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The Late Shift: Letterman, Leno, and the Network Battle for the Night Hardcover – April 20, 1995

37 customer reviews

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The Late Shift: Letterman, Leno, and the Network Battle for the Night + The War for Late Night: When Leno Went Early and Television Went Crazy + Live From New York: The Complete, Uncensored History of Saturday Night Live as Told by Its Stars, Writers, and Guests
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Editorial Reviews

From Publishers Weekly

Carter, who covers the television industry for The New York Times, writes of the corporate battles surrounding late-night talk shows in the wake of Johnny Carson's retirement.
Copyright 1996 Reed Business Information, Inc. --This text refers to an out of print or unavailable edition of this title.

From Library Journal

Carter, a media reporter for the New York Times , provides an inside account of one of the hottest behind-the-scenes power struggles in the history of television: the battle for Johnny Carson's vacant seat on the Tonight Show.
Copyright 1994 Reed Business Information, Inc. --This text refers to an alternate Hardcover edition.

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Product Details

  • Hardcover: 336 pages
  • Publisher: Hachette Books; Edition Unstated edition (May 4, 1995)
  • Language: English
  • ISBN-10: 0786880899
  • ISBN-13: 978-0786880898
  • Product Dimensions: 6.1 x 9.2 inches
  • Shipping Weight: 1.1 pounds (View shipping rates and policies)
  • Average Customer Review: 4.5 out of 5 stars  See all reviews (37 customer reviews)
  • Amazon Best Sellers Rank: #262,831 in Books (See Top 100 in Books)

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Customer Reviews

Most Helpful Customer Reviews

20 of 21 people found the following review helpful By Post Scriptum on May 16, 2000
Format: Hardcover
Bill Carter has written an extraordinary book.Structurally-given the mass of information,biographical detail and anecdotes involved-this could have ended up as a mess,but in fact it is clear,coherent and quite exceptionally well-balanced.Carter has to tell a fairly complicated (certainly very convoluted)story,and he does so brilliantly.He also has to find space to acknowledge and evaluate a broad range of opinions,and,again,he does so with remarkable discipline and even-handedness.Even if one knows little about the magnificent Letterman and the super-professional Leno,this book is still too interesting,too insightful and too fair-minded to miss.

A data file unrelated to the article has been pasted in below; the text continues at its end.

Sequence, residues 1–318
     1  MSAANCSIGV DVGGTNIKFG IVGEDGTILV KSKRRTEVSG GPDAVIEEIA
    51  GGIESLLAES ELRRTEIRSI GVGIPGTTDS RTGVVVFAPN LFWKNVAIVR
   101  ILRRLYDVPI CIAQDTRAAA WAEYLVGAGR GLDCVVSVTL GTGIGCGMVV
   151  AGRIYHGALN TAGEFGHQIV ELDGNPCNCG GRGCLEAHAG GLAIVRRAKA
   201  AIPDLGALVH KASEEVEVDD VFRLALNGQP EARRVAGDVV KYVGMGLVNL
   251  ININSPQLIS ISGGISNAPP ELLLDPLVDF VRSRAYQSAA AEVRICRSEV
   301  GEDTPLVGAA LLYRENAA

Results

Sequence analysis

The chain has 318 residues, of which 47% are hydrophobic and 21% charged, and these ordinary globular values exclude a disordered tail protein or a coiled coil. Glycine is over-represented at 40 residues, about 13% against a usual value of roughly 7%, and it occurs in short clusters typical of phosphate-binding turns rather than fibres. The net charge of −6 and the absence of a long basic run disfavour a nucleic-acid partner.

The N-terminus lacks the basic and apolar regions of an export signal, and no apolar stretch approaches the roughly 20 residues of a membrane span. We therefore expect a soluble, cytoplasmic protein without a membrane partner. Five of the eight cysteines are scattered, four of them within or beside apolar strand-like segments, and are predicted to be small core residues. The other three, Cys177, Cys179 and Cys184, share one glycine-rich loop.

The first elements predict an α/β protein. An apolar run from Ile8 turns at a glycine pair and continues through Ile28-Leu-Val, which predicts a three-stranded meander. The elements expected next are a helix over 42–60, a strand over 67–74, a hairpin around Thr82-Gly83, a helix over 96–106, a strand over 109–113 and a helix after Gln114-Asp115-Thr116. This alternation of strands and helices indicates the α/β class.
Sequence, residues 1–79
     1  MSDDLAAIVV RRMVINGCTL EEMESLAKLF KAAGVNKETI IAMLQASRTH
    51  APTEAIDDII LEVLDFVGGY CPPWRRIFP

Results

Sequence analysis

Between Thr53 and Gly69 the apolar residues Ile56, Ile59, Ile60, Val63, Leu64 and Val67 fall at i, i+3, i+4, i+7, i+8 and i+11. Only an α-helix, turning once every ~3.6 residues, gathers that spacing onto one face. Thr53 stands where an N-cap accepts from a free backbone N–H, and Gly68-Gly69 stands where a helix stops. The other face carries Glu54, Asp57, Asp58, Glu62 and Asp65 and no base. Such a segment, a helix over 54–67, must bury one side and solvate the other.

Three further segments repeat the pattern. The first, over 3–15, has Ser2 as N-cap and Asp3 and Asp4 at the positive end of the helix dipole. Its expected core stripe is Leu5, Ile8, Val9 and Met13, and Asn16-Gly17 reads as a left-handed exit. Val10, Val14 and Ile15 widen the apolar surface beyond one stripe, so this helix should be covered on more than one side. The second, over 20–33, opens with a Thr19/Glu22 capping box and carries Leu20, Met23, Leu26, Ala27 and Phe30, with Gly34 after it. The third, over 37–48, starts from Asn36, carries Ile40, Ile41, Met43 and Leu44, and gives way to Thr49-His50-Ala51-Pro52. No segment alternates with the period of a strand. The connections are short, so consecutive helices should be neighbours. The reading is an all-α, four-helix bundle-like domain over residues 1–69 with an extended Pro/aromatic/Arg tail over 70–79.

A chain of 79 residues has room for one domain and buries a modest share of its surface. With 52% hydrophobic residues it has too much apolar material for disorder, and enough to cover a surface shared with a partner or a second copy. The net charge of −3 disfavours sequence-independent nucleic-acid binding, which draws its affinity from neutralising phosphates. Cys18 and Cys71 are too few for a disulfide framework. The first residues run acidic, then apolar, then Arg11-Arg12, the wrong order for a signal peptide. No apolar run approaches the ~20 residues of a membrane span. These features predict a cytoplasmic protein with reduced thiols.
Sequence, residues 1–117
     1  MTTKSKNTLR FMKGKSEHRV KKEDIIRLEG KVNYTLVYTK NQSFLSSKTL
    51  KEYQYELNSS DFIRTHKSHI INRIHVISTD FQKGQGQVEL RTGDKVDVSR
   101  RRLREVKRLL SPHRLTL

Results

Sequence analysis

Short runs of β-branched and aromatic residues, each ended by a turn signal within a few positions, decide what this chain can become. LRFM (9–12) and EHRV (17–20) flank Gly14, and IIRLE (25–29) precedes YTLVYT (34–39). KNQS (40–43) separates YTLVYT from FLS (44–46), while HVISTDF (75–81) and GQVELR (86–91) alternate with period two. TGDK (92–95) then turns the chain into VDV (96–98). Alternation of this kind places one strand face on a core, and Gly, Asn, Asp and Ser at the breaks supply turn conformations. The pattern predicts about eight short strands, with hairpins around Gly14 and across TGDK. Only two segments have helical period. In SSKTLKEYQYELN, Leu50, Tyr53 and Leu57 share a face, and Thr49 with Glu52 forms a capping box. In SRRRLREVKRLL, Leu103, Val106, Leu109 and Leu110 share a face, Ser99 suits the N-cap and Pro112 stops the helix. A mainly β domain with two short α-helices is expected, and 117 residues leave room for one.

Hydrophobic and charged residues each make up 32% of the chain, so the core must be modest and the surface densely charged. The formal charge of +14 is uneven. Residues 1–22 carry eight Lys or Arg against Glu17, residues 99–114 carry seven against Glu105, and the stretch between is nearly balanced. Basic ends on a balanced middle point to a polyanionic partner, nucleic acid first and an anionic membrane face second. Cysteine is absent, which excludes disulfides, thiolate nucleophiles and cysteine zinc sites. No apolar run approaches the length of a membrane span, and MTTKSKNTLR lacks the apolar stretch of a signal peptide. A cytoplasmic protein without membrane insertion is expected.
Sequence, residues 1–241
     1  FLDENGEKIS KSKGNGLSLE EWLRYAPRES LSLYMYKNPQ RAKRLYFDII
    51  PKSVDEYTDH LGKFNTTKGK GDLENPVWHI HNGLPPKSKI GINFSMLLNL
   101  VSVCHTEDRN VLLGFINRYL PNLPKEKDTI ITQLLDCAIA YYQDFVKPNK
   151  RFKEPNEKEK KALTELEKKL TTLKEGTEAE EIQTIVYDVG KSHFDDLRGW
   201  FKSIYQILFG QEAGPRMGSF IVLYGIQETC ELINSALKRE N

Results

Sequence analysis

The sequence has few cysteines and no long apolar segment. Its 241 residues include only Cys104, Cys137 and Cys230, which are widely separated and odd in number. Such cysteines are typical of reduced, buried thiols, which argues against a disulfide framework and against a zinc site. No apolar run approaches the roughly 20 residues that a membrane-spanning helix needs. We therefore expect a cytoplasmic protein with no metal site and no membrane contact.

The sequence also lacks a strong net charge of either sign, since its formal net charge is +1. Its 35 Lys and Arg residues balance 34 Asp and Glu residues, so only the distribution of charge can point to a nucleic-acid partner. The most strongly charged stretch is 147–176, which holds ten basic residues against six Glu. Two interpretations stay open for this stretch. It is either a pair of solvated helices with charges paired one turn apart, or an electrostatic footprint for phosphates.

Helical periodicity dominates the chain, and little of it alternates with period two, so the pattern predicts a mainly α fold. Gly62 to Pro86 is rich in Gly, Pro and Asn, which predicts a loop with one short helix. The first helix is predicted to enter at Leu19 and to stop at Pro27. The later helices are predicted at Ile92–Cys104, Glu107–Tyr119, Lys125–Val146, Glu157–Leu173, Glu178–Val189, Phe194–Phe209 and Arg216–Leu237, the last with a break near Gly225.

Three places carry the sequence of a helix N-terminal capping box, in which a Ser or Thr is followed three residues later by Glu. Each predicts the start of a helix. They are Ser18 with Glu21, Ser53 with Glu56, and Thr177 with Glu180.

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8 of 8 people found the following review helpful By A Customer on March 1, 2000
Format: Mass Market Paperback
A thoroughly entertaining and insightful look at these two personalities and the even more entertaining and often comical workings of corporate broadcasting. A must for anyone who mixes business and talent relations for a living.
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13 of 15 people found the following review helpful By A Customer on March 7, 1999
Format: Hardcover
Amazing. Absolutely Amazing. There's somethign for everyone. Leno Fans tried of their hero's good guy image get to see him squatting on a box, spying on a GE Board Meeting. Letterman Fans get to see their hero angry as heck when NBC let's him know that they've given his lifelong dream to chin-boy, after 10 years of faithful service on their network. Johnny stuck in the center, with NBC begging for his help, obviously siding with Dave, but committed to stay out of it. There is no better story for E! True Hollywood or any fan of Late Night.
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29 of 38 people found the following review helpful By John S. Harris VINE VOICE on September 24, 2001
Format: Mass Market Paperback Verified Purchase